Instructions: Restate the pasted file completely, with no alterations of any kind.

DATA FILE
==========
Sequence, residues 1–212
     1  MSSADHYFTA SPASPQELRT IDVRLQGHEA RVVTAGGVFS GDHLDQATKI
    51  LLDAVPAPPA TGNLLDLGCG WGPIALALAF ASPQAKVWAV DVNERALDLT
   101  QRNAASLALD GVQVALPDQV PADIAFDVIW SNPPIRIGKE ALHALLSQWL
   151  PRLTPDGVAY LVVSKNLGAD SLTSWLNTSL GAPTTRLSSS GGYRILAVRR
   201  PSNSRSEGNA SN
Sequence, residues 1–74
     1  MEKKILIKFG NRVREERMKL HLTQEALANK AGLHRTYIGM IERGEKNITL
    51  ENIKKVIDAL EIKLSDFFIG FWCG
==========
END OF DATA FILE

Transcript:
Sequence, residues 1–212
     1  MSSADHYFTA SPASPQELRT IDVRLQGHEA RVVTAGGVFS GDHLDQATKI
    51  LLDAVPAPPA TGNLLDLGCG WGPIALALAF ASPQAKVWAV DVNERALDLT
   101  QRNAASLALD GVQVALPDQV PADIAFDVIW SNPPIRIGKE ALHALLSQWL
   151  PRLTPDGVAY LVVSKNLGAD SLTSWLNTSL GAPTTRLSSS GGYRILAVRR
   201  PSNSRSEGNA SN
Sequence, residues 1–74
     1  MEKKILIKFG NRVREERMKL HLTQEALANK AGLHRTYIGM IERGEKNITL
    51  ENIKKVIDAL EIKLSDFFIG FWCG